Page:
Freshers flu is real. Don’t let anyone tell you differently. I didn’t go out very much during freshers week and I still managed to end up with the flu – it will catch you, so be prepared. If you are looking to enrol on an education course, you will no doubt come into some nasty coughs and colds during your time on placement. It luckily fell over a weekend and I managed to fight it and although I wasn’t feeling 100% on the Monday, I felt well enough to go in and teach.
Make sure when you pack for university you hit up Home Bargains and stock up on paracetamol, cold and flu tabs, lemsips, cough medicine, lozenges and all that jazz. Do not overpay, supermarkets massively overcharge. The first sign of a tickly cough or a runny nose, I straight away start taking medicine – it acts fast and you will feel worse but only because the medicine is flushing it all away. I also start taking cold and flu tablets, eating fruit and drinking hot drinks straight away, don’t just wait until it becomes a problem, do it straight away.
I always have cold water, orange juice and lots of cups of tea. Lemsips are also really soothing for the throat but they’re not necessary, and they’re quite pricey. Orange, bananas and any other fruit really are effective at boosting your vitamins. Day and night, cold and flu tablets are the best ones, for me personally, and an Olbas nasal stick is the best thing if you have a cold. It completely unblocks your sinus and relieves that stuffy feeling. Cough medicine works wonders, like I said before it will make you feel worse but you’ll get better faster. The most important thing you can do is rest. Sleep. I spent the Saturday in bed, in and out of sleep and when I woke up on Sunday I felt miles better. Stay hydrated and fed, but sleep as much as you can.
Thanks for reading, keep those bugs away!
I don’t know about you, but I didn’t give a second thought as to my doctors/dentist situation before coming to uni! The first time I thought about this was when it was mentioned at freshers’ fair during the first week!
At the freshers’ fair there are stalls of local doctors and dentists in Ormskirk which offer more information on signing up. I highly recommend that you do this as you’ll be at uni for around 9 months and unfortunately there’s a high chance you’re going to get ill – especially with freshers’ flu knocking about!
I was ill quite a bit during my first year, I didn’t have the best luck! I would suggest that you visit your doctors before you come to university, they may suggest getting a meningitis jab, something worth thinking about it to stay on the safe side.
Anyway as a heads up I can tell you what’s available at Edge Hill/Ormskirk, the best facility I’ve found is the walk-in centre at the hospital. It is literally a 5-minute walk from the back entrance at uni, not far at all! You don’t need to be signed to a GP either to visit which is great if you’ve forgotten or haven’t got round to it! Here’s a link for more information in regarding what they treat at the walk-in.
The Uni also offers a health and wellbeing service at Milton House, which again is about a 2 minute walk from the uni’s back entrance! The Student Wellbeing team provides a range of support on areas including mental health and wellbeing, sexual health, diet and exercise, and drugs and alcohol. For more information please look at this link provided by Edge Hill to the available health services on campus. Also via the link you can look at the nearby GP/dentist services in the local area.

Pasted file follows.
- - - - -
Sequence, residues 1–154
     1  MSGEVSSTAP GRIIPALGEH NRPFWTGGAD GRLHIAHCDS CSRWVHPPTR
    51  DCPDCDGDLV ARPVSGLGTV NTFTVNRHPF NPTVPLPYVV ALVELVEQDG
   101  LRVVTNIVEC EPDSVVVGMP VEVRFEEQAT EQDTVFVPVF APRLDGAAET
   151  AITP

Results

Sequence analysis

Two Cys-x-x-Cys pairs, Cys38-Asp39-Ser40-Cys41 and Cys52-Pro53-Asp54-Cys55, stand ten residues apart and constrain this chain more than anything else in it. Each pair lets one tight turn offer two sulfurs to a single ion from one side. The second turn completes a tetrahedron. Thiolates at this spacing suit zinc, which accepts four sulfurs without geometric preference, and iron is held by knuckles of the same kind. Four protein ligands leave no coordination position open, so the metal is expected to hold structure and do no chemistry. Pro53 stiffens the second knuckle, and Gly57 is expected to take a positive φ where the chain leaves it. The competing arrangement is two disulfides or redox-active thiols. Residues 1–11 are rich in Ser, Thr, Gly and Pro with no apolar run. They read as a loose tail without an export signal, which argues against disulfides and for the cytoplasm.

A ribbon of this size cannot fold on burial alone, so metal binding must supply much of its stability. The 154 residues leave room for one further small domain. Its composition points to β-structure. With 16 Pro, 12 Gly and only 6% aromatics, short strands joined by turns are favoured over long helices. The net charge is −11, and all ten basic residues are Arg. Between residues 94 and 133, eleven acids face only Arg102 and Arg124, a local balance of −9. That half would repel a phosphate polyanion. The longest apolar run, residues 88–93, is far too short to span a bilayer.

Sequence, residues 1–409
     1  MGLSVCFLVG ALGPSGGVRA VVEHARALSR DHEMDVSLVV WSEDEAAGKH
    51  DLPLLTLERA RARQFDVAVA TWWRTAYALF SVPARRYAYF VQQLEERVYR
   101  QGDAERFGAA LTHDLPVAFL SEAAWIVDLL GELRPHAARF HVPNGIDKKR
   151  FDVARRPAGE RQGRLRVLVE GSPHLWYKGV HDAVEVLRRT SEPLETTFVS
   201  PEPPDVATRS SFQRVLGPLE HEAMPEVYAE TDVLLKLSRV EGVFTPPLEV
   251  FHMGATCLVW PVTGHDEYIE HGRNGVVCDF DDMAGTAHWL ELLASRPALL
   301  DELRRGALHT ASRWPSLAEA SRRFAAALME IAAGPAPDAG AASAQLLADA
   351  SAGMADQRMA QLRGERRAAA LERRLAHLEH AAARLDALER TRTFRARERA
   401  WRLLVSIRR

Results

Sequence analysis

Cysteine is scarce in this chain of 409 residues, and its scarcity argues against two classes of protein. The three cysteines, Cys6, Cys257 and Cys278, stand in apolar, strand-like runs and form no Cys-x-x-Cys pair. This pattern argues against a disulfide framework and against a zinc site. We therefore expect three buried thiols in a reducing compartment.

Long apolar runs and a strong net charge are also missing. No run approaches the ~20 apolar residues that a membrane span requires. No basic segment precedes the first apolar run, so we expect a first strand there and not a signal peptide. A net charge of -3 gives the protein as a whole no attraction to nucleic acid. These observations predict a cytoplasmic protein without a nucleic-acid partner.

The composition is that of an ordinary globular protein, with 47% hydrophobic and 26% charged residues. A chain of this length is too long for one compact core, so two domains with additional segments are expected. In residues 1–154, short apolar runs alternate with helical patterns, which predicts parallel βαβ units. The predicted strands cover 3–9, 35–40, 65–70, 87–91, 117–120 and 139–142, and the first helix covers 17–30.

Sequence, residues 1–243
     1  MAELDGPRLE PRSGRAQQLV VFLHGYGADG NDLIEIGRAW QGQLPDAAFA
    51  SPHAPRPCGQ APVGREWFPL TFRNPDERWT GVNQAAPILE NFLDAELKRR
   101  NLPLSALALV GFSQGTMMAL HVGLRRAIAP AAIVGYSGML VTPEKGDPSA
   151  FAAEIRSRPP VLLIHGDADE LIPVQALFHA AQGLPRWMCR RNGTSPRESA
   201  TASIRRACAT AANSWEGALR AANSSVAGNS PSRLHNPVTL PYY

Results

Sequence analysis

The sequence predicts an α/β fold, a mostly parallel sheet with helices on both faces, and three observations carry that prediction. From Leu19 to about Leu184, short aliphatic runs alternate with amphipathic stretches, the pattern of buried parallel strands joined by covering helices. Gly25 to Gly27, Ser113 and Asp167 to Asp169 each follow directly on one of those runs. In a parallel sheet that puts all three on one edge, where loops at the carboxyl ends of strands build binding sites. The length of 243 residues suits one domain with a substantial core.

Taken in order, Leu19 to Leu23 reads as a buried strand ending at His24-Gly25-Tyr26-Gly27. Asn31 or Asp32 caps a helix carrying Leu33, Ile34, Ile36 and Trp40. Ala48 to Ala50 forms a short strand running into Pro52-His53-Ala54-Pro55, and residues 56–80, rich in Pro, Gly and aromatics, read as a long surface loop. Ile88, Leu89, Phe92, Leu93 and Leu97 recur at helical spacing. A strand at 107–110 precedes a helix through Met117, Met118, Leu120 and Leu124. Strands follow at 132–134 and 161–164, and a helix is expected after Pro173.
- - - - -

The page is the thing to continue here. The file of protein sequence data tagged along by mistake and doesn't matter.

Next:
Best of luck, take care of yourself!
If you’ve heard any tales about university you might have heard of Freshers’ Flu. It is not actually, as I thought before I became a fresher, a mythical disease. Freshers’ Flu is a real thing, and apparently up to 90% of new students contract it when they start at university. Fear not though, it’s not nearly as bad a real flu. The most common symptoms are a temperature, sore throat, headache and coughing, so it’s more like a bad cold really, although it can still be annoying when you’ve just arrived at university and all you want to do is enjoy yourself.
There are quite a few things that can be responsible for Freshers’ Flu. Firstly, upon arriving at university you find yourself surrounded by a whole new group of people who come from all over the world, all of whom carry different strains of viruses etc to which you might not be immune. Also, it’s quite likely that the meals that you cook yourself at university won’t be as nutritious as those that you would normally eat at home, weakening your immune system. Unfortunately, this susceptibility to illness can also be the result of increased alcohol consumption during those wild nights out! And of course, any stress you feel as a result of starting university, moving out, the pressure of making friends, or anything else that induces stress can leave you open to contracting Freshers’ Flu by also weakening your immune system.
So how do you combat Freshers’ Flu? Well if the 90% statistic is correct, then you don’t have much chance of avoiding getting it altogether, but there are a few things you can do to make the whole ordeal a bit easier. I definitely recommend taking Vitamin C supplements if you don’t have enough in your diet, as it is really good for your immune system. Having a supply of painkillers, tissues and cough medicine is also advisable. Something I found really useful when I felt like I was overdoing it during Freshers’ week was taking a night off from going out clubbing and just having a night in. Letting your body relax for a bit really helps speed up recovery.
Despite what I’ve written, getting Freshers’ Flu really isn’t the end of the world and even if you do get it during Freshers’ week, you still have the best part of three years to enjoy your time at university so there’s really no rush!